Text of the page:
Why did Flybe go into receivership?
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Why did Flybe go into receivership? Accountancy firm EY was appointed as administrator to regional airline Flybe when it collapsed on 5th March. Flybe, as regular readers will know, had been rescued a year earlier by a consortium comprising Virgin Atlantic, Stobart Aviation and US private equity fund Cyrus.
EY has just published its initial report for creditors of Flybe. It is very interesting.
I should add at this point that I never had much experience of insolvencies in my previous banking life and my interpretation of what is written is simply that – an interpretation.
Let’s start with the money
EY is currently estimating that, assuming the airline is broken up, the assets will fetch £139 million (see page 24). After £3 million of unpaid salaries are settled, this leaves £136 million.
There are secured creditors who are owed £240 million. This represents, ignoring a second small £3m item:
£127 million owed to companies who financed mortgages on the Flybe fleet
£110 million owed to Virgin Atlantic, Stobart Aviation and Cyrus
Cunningly, the three shareholders had secured their entire investment on the assets of the company.
Unsecured creditors – ie everyone else owed money by Flybe, including passengers who did not fly – are owed a total of £317 million. None of these people are likely to see anything except a nominal sum.
If we assume that the mortgages are only secured against aircraft and engines, and not any other assets of the business, then – at best – the mortgage companies will get back £102 million of the £127 million they are due. (£102 million is the expected value from the sale of the owned aircraft and engines.)
This leaves (£136 million – £102 million) £34 million to be shared by Virgin Atlantic, Stobart Aviation and Cyrus. It seems that the three shareholders will get back roughly 30% of the money they invested.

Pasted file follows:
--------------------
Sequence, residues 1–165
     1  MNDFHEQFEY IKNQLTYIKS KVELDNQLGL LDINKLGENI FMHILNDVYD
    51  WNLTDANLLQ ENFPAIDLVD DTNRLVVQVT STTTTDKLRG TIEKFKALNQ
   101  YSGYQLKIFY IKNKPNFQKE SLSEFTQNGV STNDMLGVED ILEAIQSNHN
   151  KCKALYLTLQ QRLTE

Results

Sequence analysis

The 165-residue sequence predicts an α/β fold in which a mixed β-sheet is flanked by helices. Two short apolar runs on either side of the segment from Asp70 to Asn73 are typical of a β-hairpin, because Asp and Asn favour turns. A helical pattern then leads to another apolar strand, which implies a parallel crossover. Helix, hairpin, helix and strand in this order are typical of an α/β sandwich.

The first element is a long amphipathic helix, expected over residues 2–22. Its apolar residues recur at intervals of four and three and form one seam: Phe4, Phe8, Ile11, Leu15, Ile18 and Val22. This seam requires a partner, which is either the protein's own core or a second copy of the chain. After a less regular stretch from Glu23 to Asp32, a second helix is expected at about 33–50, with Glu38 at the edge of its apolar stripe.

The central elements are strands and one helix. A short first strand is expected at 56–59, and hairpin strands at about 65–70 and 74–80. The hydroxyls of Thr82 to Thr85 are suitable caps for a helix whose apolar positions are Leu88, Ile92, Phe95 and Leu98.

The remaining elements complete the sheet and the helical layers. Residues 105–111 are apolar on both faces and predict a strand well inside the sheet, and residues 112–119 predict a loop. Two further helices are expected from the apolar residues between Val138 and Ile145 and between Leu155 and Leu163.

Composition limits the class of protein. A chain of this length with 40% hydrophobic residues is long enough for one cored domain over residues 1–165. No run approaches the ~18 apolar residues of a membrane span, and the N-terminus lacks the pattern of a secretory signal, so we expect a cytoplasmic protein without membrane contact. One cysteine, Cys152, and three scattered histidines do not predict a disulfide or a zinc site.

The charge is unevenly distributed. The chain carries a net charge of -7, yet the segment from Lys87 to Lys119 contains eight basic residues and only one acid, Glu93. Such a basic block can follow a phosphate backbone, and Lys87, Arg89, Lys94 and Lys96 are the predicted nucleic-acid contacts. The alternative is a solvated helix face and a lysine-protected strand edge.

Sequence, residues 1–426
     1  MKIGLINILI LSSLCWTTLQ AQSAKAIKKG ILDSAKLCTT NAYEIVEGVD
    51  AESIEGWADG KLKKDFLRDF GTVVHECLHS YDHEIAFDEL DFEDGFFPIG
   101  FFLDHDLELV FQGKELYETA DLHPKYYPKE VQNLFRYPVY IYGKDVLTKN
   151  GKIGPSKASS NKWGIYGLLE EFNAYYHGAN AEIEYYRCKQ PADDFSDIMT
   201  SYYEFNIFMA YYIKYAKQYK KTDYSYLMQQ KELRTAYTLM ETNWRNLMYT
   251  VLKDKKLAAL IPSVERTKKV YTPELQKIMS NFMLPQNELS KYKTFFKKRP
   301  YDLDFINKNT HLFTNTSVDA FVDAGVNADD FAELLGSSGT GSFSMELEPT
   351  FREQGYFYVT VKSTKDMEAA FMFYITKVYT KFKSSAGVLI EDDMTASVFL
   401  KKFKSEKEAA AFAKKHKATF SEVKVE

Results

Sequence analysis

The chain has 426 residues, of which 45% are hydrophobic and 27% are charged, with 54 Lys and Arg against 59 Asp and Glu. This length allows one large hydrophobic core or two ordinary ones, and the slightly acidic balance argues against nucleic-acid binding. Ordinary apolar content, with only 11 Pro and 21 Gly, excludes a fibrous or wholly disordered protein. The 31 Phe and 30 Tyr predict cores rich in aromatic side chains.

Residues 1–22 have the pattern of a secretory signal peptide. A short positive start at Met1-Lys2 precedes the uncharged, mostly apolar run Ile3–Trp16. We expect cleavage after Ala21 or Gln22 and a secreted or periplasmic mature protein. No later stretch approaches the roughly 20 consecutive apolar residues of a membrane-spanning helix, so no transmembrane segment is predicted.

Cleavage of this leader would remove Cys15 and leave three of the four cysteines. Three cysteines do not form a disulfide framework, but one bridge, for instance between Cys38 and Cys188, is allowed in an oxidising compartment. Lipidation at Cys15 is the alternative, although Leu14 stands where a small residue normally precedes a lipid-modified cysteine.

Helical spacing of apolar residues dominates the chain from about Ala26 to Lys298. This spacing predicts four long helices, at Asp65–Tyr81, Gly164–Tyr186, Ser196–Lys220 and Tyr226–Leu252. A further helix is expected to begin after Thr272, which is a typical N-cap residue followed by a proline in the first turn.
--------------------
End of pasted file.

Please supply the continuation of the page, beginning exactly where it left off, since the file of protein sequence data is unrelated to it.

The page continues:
Nobody else will get anything except a nominal sum. The only assets which were not pledged to Virgin / Stobart / Cyrus were the airport slots used by Flybe. If these have any value – and it won’t be much – it will go to the remaining £317 million of creditors. Ticket holders are excluded from this, however, as they are assumed to have been refunded via their credit or debit card company.
The valuation of the Flybe fleet is exceptionally low
Flybe was predominantly using small 78 seat Dash-8 aircraft. There are not many airlines flying this type of aircraft, and Flybe is now releasing a considerable number onto the market at once – and during a pandemic too.
The aircraft were valued in Flybe’s last set of accounts at £166 million. They are only expected to fetch £85 million when sold.
If it had been possible to sell the aircraft for their book value of £166 million, Virgin Atlantic, Stobart Aviation and Cyrus would have got virtually all of their investment back. The other £317 million of creditors would still have received virtually nothing.
Will Flybe fly again?
Strangely, it is possible that Flybe is not totally dead.
There ARE three groups who are interested in buying the business and assets of the company. However, the Civil Aviation Authority was due, on 30th April, to cancel Flybe’s operating licence. Without a licence, the airport slots used by Flybe are automatically lost which would make it too difficult to reopen the business.
EY has appealed to the Government to override this decision, which it has the authority to do. EY is still waiting to hear whether they will do this. A substantial number of jobs will be saved if the business can be sold.